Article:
Examples of communication style:
Type One - the Perfectionist
Speaking style: Precise, detail-oriented, focuses on quality and improvements, getting things right. Demonstrates critical thinking.
Strength: Authority based on personal integrity. Fair-minded.
Common pitfalls: Sounding judgmental or righteous. "I'm right and you're wrong." Tendency to sermonize. Overly critical.
Meta-message: Recognize my good intentions and hard work.
Balance this communication style by: Demonstrating tolerance for other points of view. Support more than one right way. Give lots of appreciation as well as criticism. Mediate the quality of "rightness" in your tone and words.
Creating rapport with this personality type: Take them seriously, and respect their code of manners. Emphasize quality and share an interest in making things better. Avoid making agreements that you can't keep. Apologize directly for mistakes. Appreciate their hard work.
From "The Enneagram Advantage," by Helen Palmer, 1998 Harmony/Crown
Available at EnneagramWorldwide.com
Point Nine - the Mediator
Communication Style - Point Nine
• Nines are good at seeing all points of view. Because they see value in most positions, their communications may tend to be ambiguous. However, they can excel in their role of mediator, bringing together different opinions or different sides of an argument.
• Nines seek harmony and comfort in their relationships. They want to avoid conflict and anger, and they hate being the bearer of bad news.
• Rather than saying "no" to something, Nines will appear to agree but may resist or fail to cooperate fully. They can feel threatened by new procedures or expectations for new behaviors.
• As body based types, Nines need time to process new information and find their own relationship to a decision. When they do "get on board" they can be enthusiastic and steady. They can be very convincing and persuasive from a deep sense of doing the right thing.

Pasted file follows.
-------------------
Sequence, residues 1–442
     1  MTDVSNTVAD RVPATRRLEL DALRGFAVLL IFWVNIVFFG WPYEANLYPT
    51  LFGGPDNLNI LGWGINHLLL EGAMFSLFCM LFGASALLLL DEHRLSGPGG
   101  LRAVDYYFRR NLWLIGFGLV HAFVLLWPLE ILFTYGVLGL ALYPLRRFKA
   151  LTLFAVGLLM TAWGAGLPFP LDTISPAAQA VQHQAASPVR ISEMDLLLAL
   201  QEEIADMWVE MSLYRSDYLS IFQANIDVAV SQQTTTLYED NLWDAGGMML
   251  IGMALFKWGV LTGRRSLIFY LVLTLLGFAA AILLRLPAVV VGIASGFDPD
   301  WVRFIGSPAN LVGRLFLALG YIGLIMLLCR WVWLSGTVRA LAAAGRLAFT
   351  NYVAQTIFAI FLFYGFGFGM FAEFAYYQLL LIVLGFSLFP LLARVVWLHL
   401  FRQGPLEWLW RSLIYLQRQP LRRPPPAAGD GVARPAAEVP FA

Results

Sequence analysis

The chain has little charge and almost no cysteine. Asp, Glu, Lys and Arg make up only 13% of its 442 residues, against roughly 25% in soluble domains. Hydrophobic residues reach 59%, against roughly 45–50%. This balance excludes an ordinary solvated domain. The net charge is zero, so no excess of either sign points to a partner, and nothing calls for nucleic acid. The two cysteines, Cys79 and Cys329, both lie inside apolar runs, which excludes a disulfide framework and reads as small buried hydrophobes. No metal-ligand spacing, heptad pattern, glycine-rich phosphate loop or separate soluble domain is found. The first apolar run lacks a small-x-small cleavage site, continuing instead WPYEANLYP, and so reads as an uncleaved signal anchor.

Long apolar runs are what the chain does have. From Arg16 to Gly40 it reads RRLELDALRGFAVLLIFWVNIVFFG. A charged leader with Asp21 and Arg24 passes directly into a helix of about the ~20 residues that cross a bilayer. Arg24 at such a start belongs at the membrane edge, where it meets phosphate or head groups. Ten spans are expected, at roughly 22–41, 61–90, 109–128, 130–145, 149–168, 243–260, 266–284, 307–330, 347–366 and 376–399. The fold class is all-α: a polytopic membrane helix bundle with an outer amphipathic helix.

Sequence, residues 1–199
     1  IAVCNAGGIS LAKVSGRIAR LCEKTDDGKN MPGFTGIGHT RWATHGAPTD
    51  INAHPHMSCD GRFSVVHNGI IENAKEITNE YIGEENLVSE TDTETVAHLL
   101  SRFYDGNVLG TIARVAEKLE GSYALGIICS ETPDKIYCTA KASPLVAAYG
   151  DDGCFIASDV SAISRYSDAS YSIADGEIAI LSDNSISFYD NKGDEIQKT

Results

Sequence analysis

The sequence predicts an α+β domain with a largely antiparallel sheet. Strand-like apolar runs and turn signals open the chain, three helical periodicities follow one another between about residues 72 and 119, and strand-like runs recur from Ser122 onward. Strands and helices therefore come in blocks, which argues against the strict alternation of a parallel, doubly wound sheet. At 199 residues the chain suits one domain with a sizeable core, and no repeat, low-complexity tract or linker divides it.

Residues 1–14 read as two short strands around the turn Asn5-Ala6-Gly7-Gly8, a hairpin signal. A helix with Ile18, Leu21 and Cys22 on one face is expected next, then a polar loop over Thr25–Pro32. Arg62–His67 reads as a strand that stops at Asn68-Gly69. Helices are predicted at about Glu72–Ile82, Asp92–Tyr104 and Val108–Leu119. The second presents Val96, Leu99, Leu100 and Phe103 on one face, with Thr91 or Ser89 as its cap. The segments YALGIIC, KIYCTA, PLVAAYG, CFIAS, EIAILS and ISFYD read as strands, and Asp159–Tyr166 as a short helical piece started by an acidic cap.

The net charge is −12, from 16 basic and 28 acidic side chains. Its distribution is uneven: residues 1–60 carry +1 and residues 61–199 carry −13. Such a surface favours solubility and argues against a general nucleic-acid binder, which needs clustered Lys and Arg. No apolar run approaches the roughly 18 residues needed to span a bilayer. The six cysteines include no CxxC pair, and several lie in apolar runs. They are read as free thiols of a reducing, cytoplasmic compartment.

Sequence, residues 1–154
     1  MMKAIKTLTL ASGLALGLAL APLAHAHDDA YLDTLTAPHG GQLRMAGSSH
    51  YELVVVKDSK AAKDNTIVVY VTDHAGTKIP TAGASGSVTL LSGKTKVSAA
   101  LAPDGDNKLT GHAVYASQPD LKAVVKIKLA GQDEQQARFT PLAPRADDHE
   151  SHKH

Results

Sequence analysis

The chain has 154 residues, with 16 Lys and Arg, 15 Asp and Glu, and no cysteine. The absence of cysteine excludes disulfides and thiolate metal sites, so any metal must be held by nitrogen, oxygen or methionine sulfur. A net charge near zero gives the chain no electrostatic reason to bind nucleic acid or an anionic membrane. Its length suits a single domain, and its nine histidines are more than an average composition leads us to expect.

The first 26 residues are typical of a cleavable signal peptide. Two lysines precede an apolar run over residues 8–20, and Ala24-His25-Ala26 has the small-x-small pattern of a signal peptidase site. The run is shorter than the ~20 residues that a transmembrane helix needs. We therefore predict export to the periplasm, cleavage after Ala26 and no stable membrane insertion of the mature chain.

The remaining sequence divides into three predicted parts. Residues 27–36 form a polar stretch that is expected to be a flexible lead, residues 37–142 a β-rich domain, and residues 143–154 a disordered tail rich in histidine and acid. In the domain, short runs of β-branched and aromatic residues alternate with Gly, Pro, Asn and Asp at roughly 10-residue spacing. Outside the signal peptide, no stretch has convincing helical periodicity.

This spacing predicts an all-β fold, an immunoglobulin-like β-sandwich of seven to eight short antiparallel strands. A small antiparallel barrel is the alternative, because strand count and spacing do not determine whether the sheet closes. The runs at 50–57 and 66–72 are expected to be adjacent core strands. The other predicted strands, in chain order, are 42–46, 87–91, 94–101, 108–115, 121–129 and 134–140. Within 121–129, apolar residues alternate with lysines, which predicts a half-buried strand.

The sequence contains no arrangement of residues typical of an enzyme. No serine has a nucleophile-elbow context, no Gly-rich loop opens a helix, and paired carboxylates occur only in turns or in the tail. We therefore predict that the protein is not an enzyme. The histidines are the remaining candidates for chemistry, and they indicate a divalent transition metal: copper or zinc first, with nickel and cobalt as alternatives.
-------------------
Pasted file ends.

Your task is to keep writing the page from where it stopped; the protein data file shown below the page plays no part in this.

• Once they establish a position, they can be quite stubborn and resist change.
• Non-verbal communication: Nines can appear peaceful or unperturbed even when they are feeling resistant or overwhelmed.
Tips for communicating/relating with Nines
• If you don't hear "yes" it's probably "no." To keep the peace, Mediator Nines can appear to agree, because they haven't said no. Don't assume that silence is agreement.
• If you want a true agreement, frame a conversation in which you state your own interests. Then elicit their need in the project. Establish common ground. Otherwise Nines are likely to buy your agenda up-front to keep the peace and then feel trapped.
• Nines flourish with lots of support. Value their contribution. Conversely, they hate to promote themselves. Recognition is paramount. Give it to them. They want it, but won't ask.
• Remember Nines like structure. They want well defined procedures and clear lines of command. They want rewards to be well defined. Keep the lid on sudden surprises. When making changes, acknowledge the difficulties and ask for their cooperation.
• Nines can be stubborn about taking orders. Try to communicate the overall context or the organizational need behind the orders. When possible, reframe orders as suggestions in which the Nine has input.
• Nines have a tendency to talk at length, sometimes avoiding the bottom line. Interrupt them in a friendly way when necessary, and ask for their help in getting to the point.